Abe and I exchanged glances. “If Arthur Peregrine is worried about whatever Max found…” he began.
“…we probably should be too,” I finished, and he nodded.
There was another crackle, and when the static faded from the screen, Arthur was visible again – this time, he didn’t seem tired at all, and was instead fuming. “It’s as I feared,” he informed us. “Copperfield has drawn Excalibur back into the world.”
“The… the sword in the stone?” I asked.
“Not exactly. They both belonged to King Arthur, but the sword in the stone was broken in battle, and Excalibur a gift from -” he began, then stopped. “Not important, I suppose. The point is that Excalibur is a very powerful artifact – one of the ones I habitually check on every week – and I left it in that pocket dimension for a reason.”
“What does it do?” Abe asked. “I think I remember something about it making the wielder invincible, but…”
“Keep in mind,” Arthur warned, “that this blade has not been used in more than a millennium – it’s been locked in those stones ever since Charlemagne lost it. The information I have may not be reliable.”
“Anything you can tell us will be helpful,” I assured him.
He sighed. “In principal, Excalibur is not dissimilar to the wide variety of magical items that can only be used by those considered worthy. However, it takes a different stance on this than Mjolnir, which cannot even be lifted except by the worthy, or Corquestor, which will lead the unworthy to ruin. Instead, Excalibur declares that those who touch it without being worthy of kingship should become worthy.”
“…and what, exactly, does that mean?” Abe asked. “That’s not incredibly clear.”
“It acts as a general enhancement to whoever wields it,” Arthur explained. “My belief is that it enhances all aspects of a person, including the power of any metahuman abilities and their skill in magic, until whatever quality the blade measures to determine worthiness is fulfilled.”
“So Max wouldn’t have been worthy, but the sword enhanced him until he was,” I summed up. “And in the process, it made him powerful enough to threaten the city.”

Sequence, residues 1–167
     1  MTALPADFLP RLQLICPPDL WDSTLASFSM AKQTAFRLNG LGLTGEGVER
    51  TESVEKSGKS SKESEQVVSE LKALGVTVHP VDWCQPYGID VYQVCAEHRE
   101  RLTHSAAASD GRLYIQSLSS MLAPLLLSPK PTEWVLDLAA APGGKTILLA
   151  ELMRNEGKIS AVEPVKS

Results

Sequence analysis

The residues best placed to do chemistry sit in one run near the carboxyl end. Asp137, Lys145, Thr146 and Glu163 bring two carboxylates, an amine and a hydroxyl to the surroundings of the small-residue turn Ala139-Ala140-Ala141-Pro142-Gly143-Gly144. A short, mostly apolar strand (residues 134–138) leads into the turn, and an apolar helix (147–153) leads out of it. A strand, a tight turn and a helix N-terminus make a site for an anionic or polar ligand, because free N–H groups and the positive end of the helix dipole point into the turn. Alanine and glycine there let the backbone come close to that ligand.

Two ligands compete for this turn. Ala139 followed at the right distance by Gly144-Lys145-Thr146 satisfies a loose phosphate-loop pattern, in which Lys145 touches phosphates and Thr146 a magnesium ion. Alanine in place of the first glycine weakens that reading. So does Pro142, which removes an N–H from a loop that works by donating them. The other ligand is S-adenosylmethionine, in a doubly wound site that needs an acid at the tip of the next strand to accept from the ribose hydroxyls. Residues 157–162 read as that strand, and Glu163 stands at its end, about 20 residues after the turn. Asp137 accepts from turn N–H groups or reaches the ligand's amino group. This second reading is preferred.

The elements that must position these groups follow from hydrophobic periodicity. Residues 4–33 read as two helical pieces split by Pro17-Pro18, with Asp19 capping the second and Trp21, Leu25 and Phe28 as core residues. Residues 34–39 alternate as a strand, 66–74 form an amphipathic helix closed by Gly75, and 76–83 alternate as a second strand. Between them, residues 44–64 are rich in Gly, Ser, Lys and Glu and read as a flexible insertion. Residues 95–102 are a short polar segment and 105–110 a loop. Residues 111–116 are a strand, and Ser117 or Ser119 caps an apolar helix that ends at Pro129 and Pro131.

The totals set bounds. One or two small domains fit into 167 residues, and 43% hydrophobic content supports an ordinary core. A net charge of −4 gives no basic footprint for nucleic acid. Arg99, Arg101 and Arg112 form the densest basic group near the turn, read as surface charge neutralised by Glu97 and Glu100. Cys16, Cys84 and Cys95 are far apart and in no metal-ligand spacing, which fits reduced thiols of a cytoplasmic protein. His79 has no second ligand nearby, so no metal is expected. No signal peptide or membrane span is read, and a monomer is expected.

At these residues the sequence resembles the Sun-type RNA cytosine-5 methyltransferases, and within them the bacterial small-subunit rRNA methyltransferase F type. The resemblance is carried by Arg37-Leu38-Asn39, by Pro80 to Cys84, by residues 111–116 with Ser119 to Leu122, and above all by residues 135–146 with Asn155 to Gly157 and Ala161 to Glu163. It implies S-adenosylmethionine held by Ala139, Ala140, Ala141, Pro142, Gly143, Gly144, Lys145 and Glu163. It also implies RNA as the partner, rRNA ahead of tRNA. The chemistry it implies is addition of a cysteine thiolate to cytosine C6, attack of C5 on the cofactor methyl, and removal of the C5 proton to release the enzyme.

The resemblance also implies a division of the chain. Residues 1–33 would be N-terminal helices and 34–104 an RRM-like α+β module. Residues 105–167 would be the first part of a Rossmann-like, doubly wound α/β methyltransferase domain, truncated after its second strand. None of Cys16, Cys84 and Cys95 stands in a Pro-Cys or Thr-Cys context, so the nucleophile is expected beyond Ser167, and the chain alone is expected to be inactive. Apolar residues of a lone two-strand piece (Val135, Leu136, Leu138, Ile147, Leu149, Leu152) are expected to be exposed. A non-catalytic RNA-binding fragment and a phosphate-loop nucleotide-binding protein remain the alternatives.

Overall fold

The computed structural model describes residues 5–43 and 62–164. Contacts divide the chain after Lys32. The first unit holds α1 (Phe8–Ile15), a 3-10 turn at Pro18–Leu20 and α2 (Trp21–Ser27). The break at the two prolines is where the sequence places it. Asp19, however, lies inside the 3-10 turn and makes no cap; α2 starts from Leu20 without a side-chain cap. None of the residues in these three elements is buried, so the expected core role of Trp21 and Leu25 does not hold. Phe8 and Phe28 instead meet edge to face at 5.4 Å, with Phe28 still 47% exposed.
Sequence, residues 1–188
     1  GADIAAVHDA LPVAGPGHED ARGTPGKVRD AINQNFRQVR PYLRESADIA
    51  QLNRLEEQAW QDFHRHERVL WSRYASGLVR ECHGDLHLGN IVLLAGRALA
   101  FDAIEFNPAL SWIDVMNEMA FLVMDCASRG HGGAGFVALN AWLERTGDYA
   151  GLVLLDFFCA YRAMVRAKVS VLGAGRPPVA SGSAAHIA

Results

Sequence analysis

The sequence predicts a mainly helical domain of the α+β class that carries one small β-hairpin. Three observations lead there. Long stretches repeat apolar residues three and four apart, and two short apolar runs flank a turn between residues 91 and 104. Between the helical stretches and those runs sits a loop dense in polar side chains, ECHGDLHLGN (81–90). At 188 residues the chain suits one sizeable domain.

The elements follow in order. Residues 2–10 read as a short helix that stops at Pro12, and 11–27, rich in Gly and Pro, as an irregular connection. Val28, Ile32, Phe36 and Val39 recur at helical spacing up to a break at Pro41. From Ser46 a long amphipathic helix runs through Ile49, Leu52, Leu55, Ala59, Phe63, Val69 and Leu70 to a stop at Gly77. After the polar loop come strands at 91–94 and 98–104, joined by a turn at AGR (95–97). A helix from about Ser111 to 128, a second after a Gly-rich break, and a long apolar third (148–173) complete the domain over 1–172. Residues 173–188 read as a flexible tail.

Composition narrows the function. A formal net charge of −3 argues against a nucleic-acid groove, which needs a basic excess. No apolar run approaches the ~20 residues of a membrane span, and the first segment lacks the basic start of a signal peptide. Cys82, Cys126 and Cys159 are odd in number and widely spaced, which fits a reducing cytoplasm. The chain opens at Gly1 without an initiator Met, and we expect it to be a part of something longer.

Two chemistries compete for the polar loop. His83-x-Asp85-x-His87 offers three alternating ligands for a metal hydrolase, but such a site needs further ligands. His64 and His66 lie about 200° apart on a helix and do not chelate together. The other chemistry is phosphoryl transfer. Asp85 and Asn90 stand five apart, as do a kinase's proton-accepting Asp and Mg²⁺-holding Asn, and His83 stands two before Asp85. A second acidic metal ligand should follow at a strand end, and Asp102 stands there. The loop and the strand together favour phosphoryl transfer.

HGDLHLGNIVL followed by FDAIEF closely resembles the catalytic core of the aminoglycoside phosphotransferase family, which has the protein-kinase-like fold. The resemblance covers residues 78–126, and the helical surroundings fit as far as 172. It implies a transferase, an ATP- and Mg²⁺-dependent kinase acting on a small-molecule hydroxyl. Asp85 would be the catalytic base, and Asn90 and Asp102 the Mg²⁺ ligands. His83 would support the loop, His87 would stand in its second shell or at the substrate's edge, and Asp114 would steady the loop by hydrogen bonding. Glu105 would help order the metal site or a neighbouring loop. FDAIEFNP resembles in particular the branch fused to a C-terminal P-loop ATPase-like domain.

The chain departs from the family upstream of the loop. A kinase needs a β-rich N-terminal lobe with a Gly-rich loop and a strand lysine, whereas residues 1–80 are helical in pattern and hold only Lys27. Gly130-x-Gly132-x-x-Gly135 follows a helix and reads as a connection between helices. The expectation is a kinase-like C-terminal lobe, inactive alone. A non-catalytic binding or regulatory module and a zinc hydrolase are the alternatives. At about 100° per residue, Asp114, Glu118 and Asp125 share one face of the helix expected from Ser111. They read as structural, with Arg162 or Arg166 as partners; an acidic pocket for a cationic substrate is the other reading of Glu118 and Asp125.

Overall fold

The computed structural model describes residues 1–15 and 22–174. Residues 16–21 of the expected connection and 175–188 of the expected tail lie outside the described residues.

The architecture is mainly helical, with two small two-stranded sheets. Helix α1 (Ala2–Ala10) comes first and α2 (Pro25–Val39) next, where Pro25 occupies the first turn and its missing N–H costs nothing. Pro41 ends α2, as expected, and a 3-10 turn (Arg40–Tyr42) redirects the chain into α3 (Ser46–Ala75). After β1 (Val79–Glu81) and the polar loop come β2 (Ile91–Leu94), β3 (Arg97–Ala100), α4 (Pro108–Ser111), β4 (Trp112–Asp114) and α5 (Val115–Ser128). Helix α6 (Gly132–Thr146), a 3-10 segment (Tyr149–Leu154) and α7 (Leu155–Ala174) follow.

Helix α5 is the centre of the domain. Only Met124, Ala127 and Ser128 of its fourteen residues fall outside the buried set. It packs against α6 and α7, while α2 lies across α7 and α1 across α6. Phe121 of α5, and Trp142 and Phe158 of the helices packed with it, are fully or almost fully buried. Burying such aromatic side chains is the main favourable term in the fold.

He nodded. “And most likely enhanced his narcissistic tendencies into full-fledged megalomania, which is why he seems to think it’s a good idea to do so.”
“Can you come help us, then?” I asked. “If Excalibur is so dangerous…”
He sighed. “I wish I could, but this is the worst possible time for it. I won’t be available at all until the 23rd, at the earliest. Possible the 22nd, if things go badly for this week’s interviews, but… well, I have confidence that you’ll have dealt with the situation by then regardless of my availability.”
“What keeps you so busy?” I couldn’t help but wonder.
“Today I’m familiarizing myself with every patient in Peregrine Hospital, so that I can heal them as efficiently as possible when I make my weekly visit tomorrow. The Monday following will be spent on those administrative duties that I can’t push off to my deputy. Then Tuesday is my weekly search for an apprentice – I have a young man from California in the morning, although I don’t have much hope for him, and a more promising young lady from India in the afternoon.”
“But if she falls flat and the interview ends quickly, you’ll be able to come?”
He nodded. “But as I said, she shows a lot of promise. I hope I’ll be able to accept her – it has, as I said, been far too long since I took an apprentice. It this had happened in the last three days…”
“More free those days?”